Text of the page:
You may be hearing a lot of buzz lately around culturally responsive teaching, its value to students, and its potential to narrow the opportunity gap (i.e., the achievement gap) in our country’s education system. However, the volume of content and conversations about a subject don’t necessarily correlate with clarity. Indeed, buzz can create more confusion.
In "What Is Culturally Responsive Teaching?," my colleague Glendaliz Martinez introduced culturally responsive teaching as an instructional practice/philosophy. In this post, I want to cover the on-the-ground realities of what a culturally responsive classroom feels, sounds, and looks like for teachers and students. (I use the word “feels” intentionally and literally. Emotional connection is at the heart of the culturally responsive classroom, and it involves learning and growing for both students and teachers.)
Feel: Respected, Validated, Trusting, and Safe
Nothing you see or hear in a classroom is culturally responsive unless it is built on a foundation of respect, trust, and safety. Just as teachers need to feel respected and heard to teach effectively, students need to feel respected and heard to learn effectively. Once this atmosphere is in place, students are enabled to excel.
In order for White teachers to respect and hear students who are Black, Indigenous, or People of Color (BIPOC), they must be aware of how the cultural gap between themselves and their students affects their work. In these situations, respect involves actively cultivating and maintaining an awareness that students’ culturally derived beliefs and behaviors may differ from their own. This is important because when there is a cultural gap, students’ attempts to actively learn or participate may be misinterpreted by the teacher as attempts to disrupt or challenge.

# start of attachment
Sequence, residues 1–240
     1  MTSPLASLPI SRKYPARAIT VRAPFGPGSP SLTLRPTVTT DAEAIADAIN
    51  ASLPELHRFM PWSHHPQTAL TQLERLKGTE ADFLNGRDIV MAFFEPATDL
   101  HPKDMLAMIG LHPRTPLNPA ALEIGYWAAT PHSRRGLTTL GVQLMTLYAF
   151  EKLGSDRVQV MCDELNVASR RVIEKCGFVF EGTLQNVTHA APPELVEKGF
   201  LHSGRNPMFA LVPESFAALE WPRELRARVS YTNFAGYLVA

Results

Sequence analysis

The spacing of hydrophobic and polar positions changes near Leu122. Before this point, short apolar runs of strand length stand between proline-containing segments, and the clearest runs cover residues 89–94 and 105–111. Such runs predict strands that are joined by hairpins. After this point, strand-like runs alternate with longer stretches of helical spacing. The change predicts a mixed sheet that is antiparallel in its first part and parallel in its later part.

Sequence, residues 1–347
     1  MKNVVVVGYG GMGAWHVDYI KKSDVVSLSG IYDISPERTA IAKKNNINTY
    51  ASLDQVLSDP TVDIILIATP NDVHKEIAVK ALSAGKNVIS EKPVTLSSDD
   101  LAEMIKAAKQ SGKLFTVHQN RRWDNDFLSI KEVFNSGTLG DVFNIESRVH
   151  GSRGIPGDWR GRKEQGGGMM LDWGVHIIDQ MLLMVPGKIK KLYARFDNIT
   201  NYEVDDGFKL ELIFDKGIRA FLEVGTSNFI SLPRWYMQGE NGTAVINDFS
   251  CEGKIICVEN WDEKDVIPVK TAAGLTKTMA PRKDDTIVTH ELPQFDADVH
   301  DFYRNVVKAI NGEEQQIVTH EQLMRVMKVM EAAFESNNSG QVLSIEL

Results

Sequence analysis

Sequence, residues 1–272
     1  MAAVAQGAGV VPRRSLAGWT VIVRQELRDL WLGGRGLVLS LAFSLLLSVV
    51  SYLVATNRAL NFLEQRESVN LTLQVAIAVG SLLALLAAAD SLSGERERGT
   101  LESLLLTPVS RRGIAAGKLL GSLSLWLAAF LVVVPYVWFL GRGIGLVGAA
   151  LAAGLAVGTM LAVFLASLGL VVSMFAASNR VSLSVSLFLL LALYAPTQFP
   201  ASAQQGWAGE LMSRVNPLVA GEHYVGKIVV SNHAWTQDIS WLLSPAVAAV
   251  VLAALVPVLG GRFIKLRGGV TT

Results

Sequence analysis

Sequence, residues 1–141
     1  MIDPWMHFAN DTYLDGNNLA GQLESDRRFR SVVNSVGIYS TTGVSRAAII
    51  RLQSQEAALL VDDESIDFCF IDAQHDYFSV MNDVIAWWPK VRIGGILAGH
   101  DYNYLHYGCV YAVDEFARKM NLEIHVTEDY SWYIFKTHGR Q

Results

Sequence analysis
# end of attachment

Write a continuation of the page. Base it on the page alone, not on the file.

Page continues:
The teacher’s awareness of cultural differences is ideally strengthened by an understanding of BIPOC children’s past—and even current—experiences in White-dominant school culture. For these students, being misunderstood and consequently disciplined or dismissed at school is sadly common. This is why culturally responsive teaching involves practices that attempt to counter this damaging treatment by validating and affirming who students are and how they see the world. Needless to say, validation and affirmation are things all children should experience in school, but when students come from a different cultural background than their teachers, providing validation and affirmation at the right times can be complex.
When students feel respected and valued, they feel emotionally safe, and the door opens for them to trust. Stephen Brookfield’s The Skillful Teacher: On Technique, Trust, and Responsiveness in the Classroom explains how trust and safety are central to learning:
"Not trusting teachers has several consequences for students. They are unwilling to submit themselves to the perilous uncertainties of new learning. They avoid risk. They keep their most deeply felt concerns private. They view with cynical reserve the exhortations and instructions of teachers."
Perhaps you yourself have experienced the above issue while in the role of student—I know I have. Zaretta Hammond, in Culturally Responsive Teaching and the Brain, distills what this means for educators: “It is the job of the culturally responsive teacher to build trust and rapport in order to reassure our students that they are safe and cared for.” But misunderstandings arising from cultural differences between teacher and student can make this difficult at times, leading educators to overlook subtleties of students’ viewpoints or miss opportunities to validate and affirm their attempts to participate in learning. Specific protocols for culturally responsive teaching can be invaluable here, providing structures within which teachers can practice validating and affirming students by reinforcing and rewarding their trust.
Culturally responsive teaching is an ongoing process of relationship building, self-awareness, and learning, but teachers who strive to make students feel respected, validated, affirmed, trusted, and safe have already taken a big step in the right direction. Now let’s look at what kind of engagement is possible when students feel the benefits of all this work.
Sound: Sometimes Quiet, Sometimes Voices Together
If you listen in on a culturally responsive classroom, you’ll hear: